Signs of an end to China’s underground banking problem?
For eight years, banker Chen Jianxue hid from police, deep in tunnels he had dug in the forests of Hainan island. On November 8, tired of life as a “forest man,” the former deputy manager of China Agricultural Bank’s branch in Lin’gao turned himself in to face charges of corruption and theft.
Chen now seems to be celebrating his return to civilisation, even if he is now in detention.
All it took was a bowl of instant noodles: “I felt like they treated me like a man, they gave me food. After eight years, I could resume my life as a human being again,” Chen said. “It feels so good,” he said. “I didn’t know if I was a human or a ghost.”
Chen’s forest life began in 2003, when rumours spread of an investigation at his employer. Police believe 34 staff were involved in stealing Rmb30 million ($4.7 million) from the bank, the Hainan Daily reports, with Chen making his escape knowing that he would be implicated in the fraud.
Despite a series of manhunts designed to bring him to justice, police failed to spot any of the three warrens that Chen had dug in woods that he knew from his childhood. He then seems to have survived on food and newspapers brought to him by accomplices, none of whom betrayed him despite the offer of a Rmb100,000 reward.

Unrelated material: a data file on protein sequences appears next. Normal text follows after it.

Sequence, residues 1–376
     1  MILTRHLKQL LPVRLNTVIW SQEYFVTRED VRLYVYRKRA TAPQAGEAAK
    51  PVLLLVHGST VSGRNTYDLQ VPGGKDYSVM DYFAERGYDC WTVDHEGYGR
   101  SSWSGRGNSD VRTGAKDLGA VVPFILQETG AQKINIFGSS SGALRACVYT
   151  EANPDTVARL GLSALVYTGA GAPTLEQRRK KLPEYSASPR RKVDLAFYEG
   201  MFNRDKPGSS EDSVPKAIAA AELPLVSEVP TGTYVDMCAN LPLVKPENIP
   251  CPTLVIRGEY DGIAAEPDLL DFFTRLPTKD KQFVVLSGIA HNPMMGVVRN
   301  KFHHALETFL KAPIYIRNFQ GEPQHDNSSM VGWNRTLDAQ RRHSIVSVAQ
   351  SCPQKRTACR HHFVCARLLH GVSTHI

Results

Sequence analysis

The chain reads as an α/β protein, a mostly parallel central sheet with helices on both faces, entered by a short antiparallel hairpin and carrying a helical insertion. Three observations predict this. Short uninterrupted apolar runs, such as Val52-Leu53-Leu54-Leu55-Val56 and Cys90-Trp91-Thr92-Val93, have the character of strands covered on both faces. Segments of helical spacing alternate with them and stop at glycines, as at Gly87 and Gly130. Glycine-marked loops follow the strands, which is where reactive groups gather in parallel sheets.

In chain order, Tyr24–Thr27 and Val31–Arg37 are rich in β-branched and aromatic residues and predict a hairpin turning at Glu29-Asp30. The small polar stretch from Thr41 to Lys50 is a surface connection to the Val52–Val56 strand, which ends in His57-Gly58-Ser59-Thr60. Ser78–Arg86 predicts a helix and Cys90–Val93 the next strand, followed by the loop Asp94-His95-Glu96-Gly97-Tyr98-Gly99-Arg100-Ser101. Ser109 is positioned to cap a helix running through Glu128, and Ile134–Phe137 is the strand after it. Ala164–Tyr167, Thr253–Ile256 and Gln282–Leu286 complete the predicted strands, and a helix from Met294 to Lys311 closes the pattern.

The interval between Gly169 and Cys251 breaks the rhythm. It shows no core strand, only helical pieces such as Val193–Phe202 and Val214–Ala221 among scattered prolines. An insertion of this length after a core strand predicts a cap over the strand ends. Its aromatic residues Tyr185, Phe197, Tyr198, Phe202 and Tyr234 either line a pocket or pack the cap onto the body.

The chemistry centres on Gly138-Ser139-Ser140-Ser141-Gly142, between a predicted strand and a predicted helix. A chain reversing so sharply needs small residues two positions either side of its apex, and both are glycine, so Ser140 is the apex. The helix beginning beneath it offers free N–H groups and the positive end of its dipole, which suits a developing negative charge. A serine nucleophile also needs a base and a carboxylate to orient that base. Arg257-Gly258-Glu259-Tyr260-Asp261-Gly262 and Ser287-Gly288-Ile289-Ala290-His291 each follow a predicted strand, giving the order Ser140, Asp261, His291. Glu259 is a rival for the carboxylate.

Through it all, Chen insists, his wife remained loyal.
It sounds like a tough life, especially during the manhunts.
“I jumped into the river from the mountainside, then hid in caves by the river with big leaves covering my face. Some of the police carried guns, others approached slowly with dogs. I could see it all clearly and was scared to death.”
By day, Chen feared discovery by police but also by villagers, who wandered in the area.
But the nights were worse, he recalls, as he was often wracked by insomnia.
A feature film beckons, maybe, with Chen as the anti-hero? Certainly, a few moviegoers might pay to see bankers cowering in caves at the moment.
But comments on Chen’s case on Sina Weibo, China’s biggest microblog, have been scathing.
“What’s the use in having 30 million if you have to hide in the forest for eight years?” wrote one, apparently more bothered by Chen’s ineptitude than his criminal behaviour.
Continued the critic: “He should have emigrated abroad earlier. He has no strategic vision, unlike other corrupt officials.”
“The evils we bring on ourselves!” lamented another. “It is useless to spend another cent being corrupt. People in power should think about serving the people honestly. It’s better than escaping, hiding or being sent to prison.”
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